We’re not trying to be dramatic here. It was actually dark because Edison hadn’t yet invented the lightbulb. The point is, we've been around a long time. Since 1871, Josephs has been a family-owned company and we've seen a lot of changes. But one thing has never changed: the name on our front door and the weight that it carries as one of the best jewelers in the country. Here’s our story.
Des Moines is established as a city.
Solomon Josephi leaves Prussia and establishes himself in Des Moines. He started working for Plumbs Jewelers as a watchmaker. Solomon became enamored by time pieces and moved to Elgin, Illinois to attend watchmaking school.
Solomon Joseph (no one really knows when or why he dropped the “i”) starts S. Joseph and Sons on 4th and Walnut (in the Kirkwood Hotel). He became well known as a meticulous jeweler and time keeper. The railroad designated S. Joseph and Sons to officially maintain and time the trains.
Josephs added thimbles, thimble repair, watches, watch repair, eye glasses and eventually Polk county license tags to their store.
The telephone makes its debut at Philadelphia’s Centennial Exposition.
Late 1800’s into early 1900’s:
Josephs expanded into fine jewelry and giftware. The first piece of jewelry we ever sold is currently at the West Glen location. It is a base metal lapel pin that made its way back to Josephs.
Solomon Joseph passes away. We have the original telegram Jacob and Morris sent to Burton telling him to come home.
Solomon’s son, Burton, moved to Iowa.
Josephs was operating five locations within the state including Marshalltown, Waterloo, Grinnell, Carlisle and Springfield, Missouri. The new headquarters was moved to the Equitable Insurance Building.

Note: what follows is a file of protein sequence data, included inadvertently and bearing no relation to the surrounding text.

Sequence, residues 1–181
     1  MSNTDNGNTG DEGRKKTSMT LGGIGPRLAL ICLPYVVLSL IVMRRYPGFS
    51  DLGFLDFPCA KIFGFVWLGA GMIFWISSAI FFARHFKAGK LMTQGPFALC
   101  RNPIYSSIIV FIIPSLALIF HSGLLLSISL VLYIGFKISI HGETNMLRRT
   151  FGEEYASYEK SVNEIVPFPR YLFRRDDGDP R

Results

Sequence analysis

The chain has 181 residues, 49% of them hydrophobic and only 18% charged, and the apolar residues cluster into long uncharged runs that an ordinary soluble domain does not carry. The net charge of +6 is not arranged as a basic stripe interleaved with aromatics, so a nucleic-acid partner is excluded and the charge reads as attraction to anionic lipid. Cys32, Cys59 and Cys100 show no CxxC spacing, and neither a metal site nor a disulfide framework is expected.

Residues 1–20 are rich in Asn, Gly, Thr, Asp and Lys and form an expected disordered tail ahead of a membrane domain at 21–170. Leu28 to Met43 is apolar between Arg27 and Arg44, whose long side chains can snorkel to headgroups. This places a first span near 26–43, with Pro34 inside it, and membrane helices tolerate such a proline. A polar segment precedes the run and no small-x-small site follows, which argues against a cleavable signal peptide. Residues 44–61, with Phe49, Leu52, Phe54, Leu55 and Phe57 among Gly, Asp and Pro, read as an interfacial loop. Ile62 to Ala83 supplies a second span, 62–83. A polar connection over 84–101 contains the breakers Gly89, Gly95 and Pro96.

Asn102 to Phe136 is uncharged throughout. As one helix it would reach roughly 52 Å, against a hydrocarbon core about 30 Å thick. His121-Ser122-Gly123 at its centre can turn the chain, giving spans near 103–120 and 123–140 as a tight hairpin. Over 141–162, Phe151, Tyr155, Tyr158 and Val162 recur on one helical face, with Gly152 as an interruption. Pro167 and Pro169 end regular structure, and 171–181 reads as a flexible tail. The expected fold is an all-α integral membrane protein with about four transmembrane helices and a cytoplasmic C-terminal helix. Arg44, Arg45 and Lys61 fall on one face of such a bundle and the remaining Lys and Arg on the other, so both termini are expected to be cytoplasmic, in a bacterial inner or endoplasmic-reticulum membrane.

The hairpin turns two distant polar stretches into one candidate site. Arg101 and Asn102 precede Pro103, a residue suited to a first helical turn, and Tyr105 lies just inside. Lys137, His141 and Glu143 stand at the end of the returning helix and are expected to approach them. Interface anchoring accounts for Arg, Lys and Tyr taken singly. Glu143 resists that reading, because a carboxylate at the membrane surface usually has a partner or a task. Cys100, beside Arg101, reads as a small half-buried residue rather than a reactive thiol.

Jacob and Morris died during the Great Depression. Both of their wives (Jacob married his nurse on his deathbed) preferred cash over a stake in the business. Burton was forced to sell all but the Equitable Building location to pay them off. Burton left a prosperous grain business to carry on the establishment. We survived because we have always operated our business on cash. When times were tough, everything went back to the business.
The American Gem Society was established. Josephs was a founding member and investor.
We made custom chairs for Colleen Moore’s dollhouse, now on display at the Museum of Science and Industry in Chicago. The miniature chairs were made of platinum, using 80 diamonds in each chair and pins as the chair backs. The chair backs were removable so Colleen could still wear them as clips.
William Joseph joined the company. Gertrude Lawrence visited the store and purchased a pair of diamond earrings. When William personally delivered them to her hotel room, she answered her door wearing negligee. She put a “Bundles for Britain” war fund pin on his lapel and he never washed it again.
Burton Joseph was appointed GIA’s board of Governors. He was instrumental in developing GIA through his participation in the Jewelers Research Group. Josephs is still an active member.
After serving in the Navy and practicing law in Houston (he scored the highest on the BAR at the time), Burton Jr. joined the company.
Josephs opened a store in Merle Hay Plaza. Josephs was one of the first 11 tenants in the open air plaza. The plaza featured a train similar to the one at the Blank Park Zoo that took children through the area. Bill Baum also joined the company and served as CEO until his retirement in 2005.
Burton Senior passed away.
Toby Joseph joined the team.
September 28, 1979:
Josephs sold the piece of Cybis that was presented to the Pope as a gift. A framed photograph of the gift is at the Mills Civic store.
John Joseph joined the team.
Josephs took over the Plumb’s Jewelers space in Valley West Mall.
Josephs closed the Merle Hay Mall location and opened the new flagship location on Mills Civic Parkway. Jake Joseph joined the team.
Trisha Joseph joined the team.
Josephs merged the Valley West and Mills Civic location.